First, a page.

I’m a firm believer in the healing power of escape. I read (and write) to go to another place, to make sense of the world and spend time with characters I like, enjoying their adventures, seeing the good guys win. I love the kind of books where you finish the book and wish you could go right back to that world again.
What are three pieces of advice you would offer writers wanting to get published?
Persist. The late mystery novelist, George C. Chesbro, gave a speech at the 1994 Bouchercon Convention that helped me tremendously. He said that there are no child prodigy novelists. Writing talent is not rare, but beyond talent, a novelist above all needs to be neurotic enough to continue writing in the face of years of rejection, criticism and no rewards whatsoever. That is the only way to learn the craft. When I heard those words, I wanted to raise my hand and yell: “Yes! Keep going in the face of no rewards at all–I can do that! I’ve done that. I’m doing that right now!”
Use whatever works. Never underestimate the motivating power of revenge. As a writer you have a license to kill, fictionally speaking, and often when you do, it heals your own pain. I had a request from some former co-workers to kill a manager who treated us all badly. I made him my next murder victim (slightly disguised so I wouldn’t get sued), and I felt much better. Afterward when the former co-workers had read the book, they thanked me and asked me to kill him again! I didn’t really need to, though, because I had written my way out of it and moved on to other victims.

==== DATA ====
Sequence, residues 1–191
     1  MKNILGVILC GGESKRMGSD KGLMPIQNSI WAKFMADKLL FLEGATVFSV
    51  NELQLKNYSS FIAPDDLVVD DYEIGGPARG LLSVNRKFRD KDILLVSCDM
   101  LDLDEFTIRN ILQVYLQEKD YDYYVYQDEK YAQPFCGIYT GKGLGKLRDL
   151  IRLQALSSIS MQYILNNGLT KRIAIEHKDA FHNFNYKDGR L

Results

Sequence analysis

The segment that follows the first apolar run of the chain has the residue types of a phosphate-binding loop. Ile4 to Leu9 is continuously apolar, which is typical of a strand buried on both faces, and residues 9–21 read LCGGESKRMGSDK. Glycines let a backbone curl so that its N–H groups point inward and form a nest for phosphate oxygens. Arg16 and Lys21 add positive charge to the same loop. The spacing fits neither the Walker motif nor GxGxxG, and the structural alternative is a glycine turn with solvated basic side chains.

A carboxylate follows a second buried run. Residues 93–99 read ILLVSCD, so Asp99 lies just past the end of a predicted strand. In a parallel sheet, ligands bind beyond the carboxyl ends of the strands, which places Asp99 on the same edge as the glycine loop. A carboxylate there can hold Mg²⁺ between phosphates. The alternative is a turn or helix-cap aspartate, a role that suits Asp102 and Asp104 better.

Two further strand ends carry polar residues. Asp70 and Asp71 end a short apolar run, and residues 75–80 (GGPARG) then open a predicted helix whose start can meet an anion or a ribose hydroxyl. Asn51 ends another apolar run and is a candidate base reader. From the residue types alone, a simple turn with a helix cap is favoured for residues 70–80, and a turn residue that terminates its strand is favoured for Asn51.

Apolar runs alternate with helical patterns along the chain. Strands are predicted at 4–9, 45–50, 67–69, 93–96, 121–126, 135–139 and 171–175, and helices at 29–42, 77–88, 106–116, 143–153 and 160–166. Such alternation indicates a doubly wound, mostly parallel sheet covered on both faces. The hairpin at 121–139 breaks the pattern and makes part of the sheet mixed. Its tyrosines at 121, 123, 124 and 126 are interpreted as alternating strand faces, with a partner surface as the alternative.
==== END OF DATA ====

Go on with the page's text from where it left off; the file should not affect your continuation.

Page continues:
Keep notes. Observe the stories unfolding in life with an eye toward using them or just to exercise your curiosity and you’ll never be bored.
Who is one of your favorite writers, and how does he/she inspire you as a writer?
Terry Pratchett is my favorite. He can make me laugh and think about serious things at the same time. His Discworld is as fantastical a setting as you can imagine, yet I feel as if I know the characters and learn from them.
Word Association. What comes to mind when you see the following words:
BRIDE OF THE LIVING DEAD: Finding her inner Bridezilla!
WRITING: My passion
LYNNE MURRAY: My self
What projects are you currently working on?
I’m exploring Urban Paranormal realms now. I’m doing revisions on a vampire novel where some of the vampires shop at the Big and Tall Store and generally look like real people instead of slinky supermodels. When that’s done, I’ll return to my work-in-progress, a ghost story that has a romance as well as vampires and some other paranormal critters.